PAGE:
Fruit Box Castles: Poems From a Peach Rancher’s Daughter!
Mom midwifed rows of freestones
Late July we’d sit under umbrellas of the walnut tree
peeling pink ribbons of skin
release pits in a curl of wrist
These filled canning jars clicking and
in cauldrons of water
pale circles of paraffin
floated on bountiful mouths
November we’d yank the light’s chain
creep down the grouchy stairs
to the basement crocheted in spider webs
scatter whatever, behind steamer trunks that stored secrets:
kimonos wrapped in tissue paper, waiting an occasion,
the dragon tea pot, a formal table,
helmets pitted by shrapnel, uniforms grown too
small letters in cursive, a wedding gown--- a first mistake;
On one wall summer saved in jars: green
yellow hearts of peaches;
Mom stopped canning and I could never fit into her waders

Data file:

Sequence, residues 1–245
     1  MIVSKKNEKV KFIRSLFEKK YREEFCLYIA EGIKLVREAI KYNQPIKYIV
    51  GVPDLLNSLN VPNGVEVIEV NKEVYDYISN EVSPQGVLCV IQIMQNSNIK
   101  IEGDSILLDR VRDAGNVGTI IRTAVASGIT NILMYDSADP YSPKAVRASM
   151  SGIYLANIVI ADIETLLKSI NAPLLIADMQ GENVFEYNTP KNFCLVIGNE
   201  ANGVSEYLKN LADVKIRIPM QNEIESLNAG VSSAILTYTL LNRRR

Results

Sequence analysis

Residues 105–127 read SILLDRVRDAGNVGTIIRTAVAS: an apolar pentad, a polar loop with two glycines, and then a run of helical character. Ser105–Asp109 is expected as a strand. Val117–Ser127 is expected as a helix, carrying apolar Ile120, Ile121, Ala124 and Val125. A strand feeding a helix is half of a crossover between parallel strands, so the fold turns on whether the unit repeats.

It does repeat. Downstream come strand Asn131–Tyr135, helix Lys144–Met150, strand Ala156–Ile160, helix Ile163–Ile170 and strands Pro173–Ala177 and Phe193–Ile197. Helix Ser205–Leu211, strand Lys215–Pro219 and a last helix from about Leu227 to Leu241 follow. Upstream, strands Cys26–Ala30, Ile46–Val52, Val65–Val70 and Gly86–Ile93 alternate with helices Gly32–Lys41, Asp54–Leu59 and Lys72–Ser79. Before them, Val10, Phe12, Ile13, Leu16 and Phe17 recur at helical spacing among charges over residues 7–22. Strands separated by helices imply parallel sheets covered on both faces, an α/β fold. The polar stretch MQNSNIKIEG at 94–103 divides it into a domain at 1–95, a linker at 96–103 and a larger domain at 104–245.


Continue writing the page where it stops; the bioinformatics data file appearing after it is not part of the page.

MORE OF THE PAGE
use the watery screen of an I pad to recipe words---
can memories--picked ripe in season
Mother’s Sadness Writes a Daughter’s Poem
They lean against the flatbed truck
mother’s hair escapes a bandanna
dad’s straw hat half cocked
both in bibbed overalls arms chained,
smiles bright as charms.
Winter mother sews hope
into gingham curtains
crochets thimble sized shoes
pieces together squares
into pastel blankets
craves pickles and honey
Named for their father she is born still
first born, sister the siblings won't know
tumble of crimson curls
on satin pillows pink as taffy.
The clergy speaks lovely words
for a child he didn’t know
placed in a casket small as a shoe box
the mourners called her a porcelain doll
the mother’s sadness writes the daughter’s poem.
Trembling Stars quilt earthy beds
where olive orchards once grew
and families of crows dressed in black,
still harvest the fruit from those trees that remain.
Sparrows sing lullabies
from the choir stalls of cedar boughs.
Guardian angels hold watch
spread marble wings frozen in eternal flight.